The Covid vaccines and your fertility
There has been a lot of misinformation about the effects of Covid vaccines on fertility and understandably many people have questions.
Medical experts and scientists agree that there is no evidence the vaccines affect fertility
Pregnant women in the UK have now been advised by the Joint Committee on Vaccination and Immunisation (JCVI) that they can get the Pfizer/BioNTech or Moderna vaccine, because there is more real-world data from the US to show they are safe. Around 90,000 pregnant women have been vaccinated in the US, without any safety concerns being raised. Currently there is no evidence to suggest that the other vaccines, including Oxford/AstraZeneca, are unsafe for pregnant women but more research is needed.
The Joint Committee on Vaccination and Immunisation (JCVI) is an independent expert advisory committee that advises UK health departments on vaccines. Check out their latest guidance on Covid vaccination and pregnancy here:
Frequently Asked Questions
Do the vaccines affect fertility?
There is no evidence that the Covid vaccines can affect the fertility of women or men. Pregnant women were not routinely advised to have the vaccine because they were excluded from the initial Covid vaccine clinical trials. Even though participants were asked to avoid becoming pregnant, 57 pregnancies occurred across the trials of the three vaccines approved for use in the UK according to Nature Reviews Immunology.
Should I get the vaccine if I am thinking about having a baby?
If you are trying for a baby, there is nothing in the current UK government guidance to say that you should not have a Covid vaccine. The JCVI has said there is no need for women to delay pregnancy after having the Covid vaccine. Whether you are thinking about having a baby in the near future or in a few years’ time, you are still advised to take the vaccine when invited to do so.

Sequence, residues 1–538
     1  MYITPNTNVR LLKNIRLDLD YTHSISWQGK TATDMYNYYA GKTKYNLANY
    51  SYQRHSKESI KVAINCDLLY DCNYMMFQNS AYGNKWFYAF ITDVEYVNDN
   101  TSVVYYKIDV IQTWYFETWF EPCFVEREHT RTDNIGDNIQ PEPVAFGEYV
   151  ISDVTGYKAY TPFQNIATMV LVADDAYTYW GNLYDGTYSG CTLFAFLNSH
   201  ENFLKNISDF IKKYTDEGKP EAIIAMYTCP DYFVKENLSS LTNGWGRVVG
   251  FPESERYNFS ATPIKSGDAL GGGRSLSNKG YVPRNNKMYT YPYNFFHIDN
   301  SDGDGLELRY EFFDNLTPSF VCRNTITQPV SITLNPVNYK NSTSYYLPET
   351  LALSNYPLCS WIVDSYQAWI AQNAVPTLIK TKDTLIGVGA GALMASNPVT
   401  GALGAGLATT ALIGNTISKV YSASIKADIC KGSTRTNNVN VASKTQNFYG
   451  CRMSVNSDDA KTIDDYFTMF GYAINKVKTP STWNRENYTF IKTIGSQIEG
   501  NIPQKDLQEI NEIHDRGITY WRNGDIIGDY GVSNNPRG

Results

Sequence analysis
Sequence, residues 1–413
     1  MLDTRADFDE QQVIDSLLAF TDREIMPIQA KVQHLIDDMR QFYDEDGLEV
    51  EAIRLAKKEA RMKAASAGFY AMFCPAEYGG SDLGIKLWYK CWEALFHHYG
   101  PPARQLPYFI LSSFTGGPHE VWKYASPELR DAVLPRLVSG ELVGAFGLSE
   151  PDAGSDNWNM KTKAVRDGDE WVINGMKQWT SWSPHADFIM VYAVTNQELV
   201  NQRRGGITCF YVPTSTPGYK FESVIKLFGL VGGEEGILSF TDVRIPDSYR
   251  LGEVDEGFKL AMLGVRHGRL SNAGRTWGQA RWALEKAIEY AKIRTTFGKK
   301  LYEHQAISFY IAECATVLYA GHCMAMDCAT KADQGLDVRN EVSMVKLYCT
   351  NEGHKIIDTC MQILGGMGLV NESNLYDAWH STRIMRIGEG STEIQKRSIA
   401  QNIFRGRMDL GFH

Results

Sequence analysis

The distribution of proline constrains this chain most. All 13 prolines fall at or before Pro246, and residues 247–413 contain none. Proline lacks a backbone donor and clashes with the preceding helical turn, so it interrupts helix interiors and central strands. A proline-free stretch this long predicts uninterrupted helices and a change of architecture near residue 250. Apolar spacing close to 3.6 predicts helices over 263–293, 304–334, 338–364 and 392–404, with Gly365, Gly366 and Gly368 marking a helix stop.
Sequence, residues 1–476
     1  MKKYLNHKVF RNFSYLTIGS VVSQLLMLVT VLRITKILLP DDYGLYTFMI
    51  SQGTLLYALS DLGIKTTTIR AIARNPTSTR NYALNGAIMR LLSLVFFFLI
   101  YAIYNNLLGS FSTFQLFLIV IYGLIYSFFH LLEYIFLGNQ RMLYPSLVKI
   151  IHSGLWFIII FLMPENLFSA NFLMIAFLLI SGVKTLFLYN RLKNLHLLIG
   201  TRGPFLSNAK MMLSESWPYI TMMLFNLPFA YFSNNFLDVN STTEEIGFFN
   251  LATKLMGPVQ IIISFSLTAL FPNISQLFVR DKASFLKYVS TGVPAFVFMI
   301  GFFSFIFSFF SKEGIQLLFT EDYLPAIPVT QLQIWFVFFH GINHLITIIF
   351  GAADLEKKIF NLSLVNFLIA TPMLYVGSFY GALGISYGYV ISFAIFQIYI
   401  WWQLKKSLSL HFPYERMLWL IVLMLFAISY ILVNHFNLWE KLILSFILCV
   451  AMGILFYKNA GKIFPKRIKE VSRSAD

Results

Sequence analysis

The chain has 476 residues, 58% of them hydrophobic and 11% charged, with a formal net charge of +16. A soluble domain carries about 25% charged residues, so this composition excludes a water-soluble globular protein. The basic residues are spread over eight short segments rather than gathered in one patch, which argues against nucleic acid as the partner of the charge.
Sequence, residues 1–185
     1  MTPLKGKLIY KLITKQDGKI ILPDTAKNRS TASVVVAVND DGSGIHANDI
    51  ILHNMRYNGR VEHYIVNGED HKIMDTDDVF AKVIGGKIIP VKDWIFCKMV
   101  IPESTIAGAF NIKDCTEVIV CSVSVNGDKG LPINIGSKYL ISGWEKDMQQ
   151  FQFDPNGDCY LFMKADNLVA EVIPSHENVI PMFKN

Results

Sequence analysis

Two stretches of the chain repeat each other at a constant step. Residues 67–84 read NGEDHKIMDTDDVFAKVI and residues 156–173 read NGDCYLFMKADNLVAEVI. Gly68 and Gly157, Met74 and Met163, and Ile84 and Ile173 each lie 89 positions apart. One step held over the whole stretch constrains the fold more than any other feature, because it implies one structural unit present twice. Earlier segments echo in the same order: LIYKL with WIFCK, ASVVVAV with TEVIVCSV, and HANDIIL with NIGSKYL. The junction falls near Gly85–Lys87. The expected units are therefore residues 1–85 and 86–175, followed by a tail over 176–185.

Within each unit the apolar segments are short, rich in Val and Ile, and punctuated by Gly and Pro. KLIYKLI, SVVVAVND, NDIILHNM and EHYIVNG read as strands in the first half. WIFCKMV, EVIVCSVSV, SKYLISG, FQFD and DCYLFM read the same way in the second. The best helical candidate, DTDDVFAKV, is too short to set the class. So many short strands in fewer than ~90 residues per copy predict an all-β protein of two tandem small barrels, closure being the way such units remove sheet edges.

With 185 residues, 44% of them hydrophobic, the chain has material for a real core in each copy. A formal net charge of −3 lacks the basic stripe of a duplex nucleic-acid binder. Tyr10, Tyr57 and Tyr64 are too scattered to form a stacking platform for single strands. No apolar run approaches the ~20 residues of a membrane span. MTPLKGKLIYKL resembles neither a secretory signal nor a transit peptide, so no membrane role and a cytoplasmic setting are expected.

If you are pregnant can you have the vaccine?
In the UK, the JCVI have said pregnant women can get a Pfizer/BioNTech or Moderna vaccine, as recent real-world data from the US has shown they are safe. There is no evidence to suggest the Covid vaccines are harmful in pregnancy, and more studies are underway of pregnant women who receive the vaccine.
None of the Covid vaccines contain the live virus and so there is no risk that pregnant women or their babies could get Covid-19 from the vaccine. It is common for pregnant women to receive non-live virus vaccines, such as the flu vaccine, in pregnancy to protect themselves and their baby.
Covid vaccines are effective in protecting people from severe illness from Covid-19. Although uncommon, there is an increased risk of severe illness due to Covid-19 infection in later stage pregnancy. If you are pregnant, you should discuss the risks and benefits of vaccination with your doctor, nurse or midwife, including the latest evidence on safety and which vaccines you can receive.
If you are breastfeeding can you have the vaccine?
Clinical trials have not yet looked at the safety of Covid vaccines for people who are breastfeeding or their babies. But Covid vaccines are not thought to be a risk to the breastfeeding infant. Studies have shown that antibodies from getting the Covid vaccine are passed to the baby during breastfeeding (as expected) which means your baby is likely to have some protection from Covid-19 infection. As the benefits of breastfeeding are well known, the JCVI along with the World Health Organization has recommended that you can have the vaccine whilst breastfeeding.
What do the experts say?
Professor Wei Shen Lim, Covid-19 Chair for JCVI:
‘’We encourage pregnant women to discuss the risks and benefits with their clinician – those at increased risk of severe outcomes from Covid-19 are encouraged to promptly take up the offer of vaccination when offered. There have been no specific safety concerns from any brand of Covid vaccines in relation to pregnancy. There is more real-world safety data from the US in relation to the Pfizer-BioNTech and Moderna vaccines in women who are pregnant – therefore, we advise a preference for these to be offered to pregnant women.’’
The British Fertility Society and Association of Reproductive and Clinical Scientists: “There is absolutely no evidence, and no theoretical reason, that any of the vaccines can affect the fertility of women or men.”
Dr Edward Morris, president of the Royal College of Obstetricians and Gynaecologists: “We want to reassure women that there is no evidence to suggest that Covid vaccines will affect fertility. There is no biologically plausible mechanism by which current vaccines would cause any impact on women’s fertility. Evidence has not been presented that women who have been vaccinated go on to have fertility problems.”
Your doctor, nurse or midwife looking after you in pregnancy will be able to advise you considering your individual risk and answer any questions about having the Covid vaccine.
- Royal College of Obstetricians and Gynaecologists pregnancy information sheet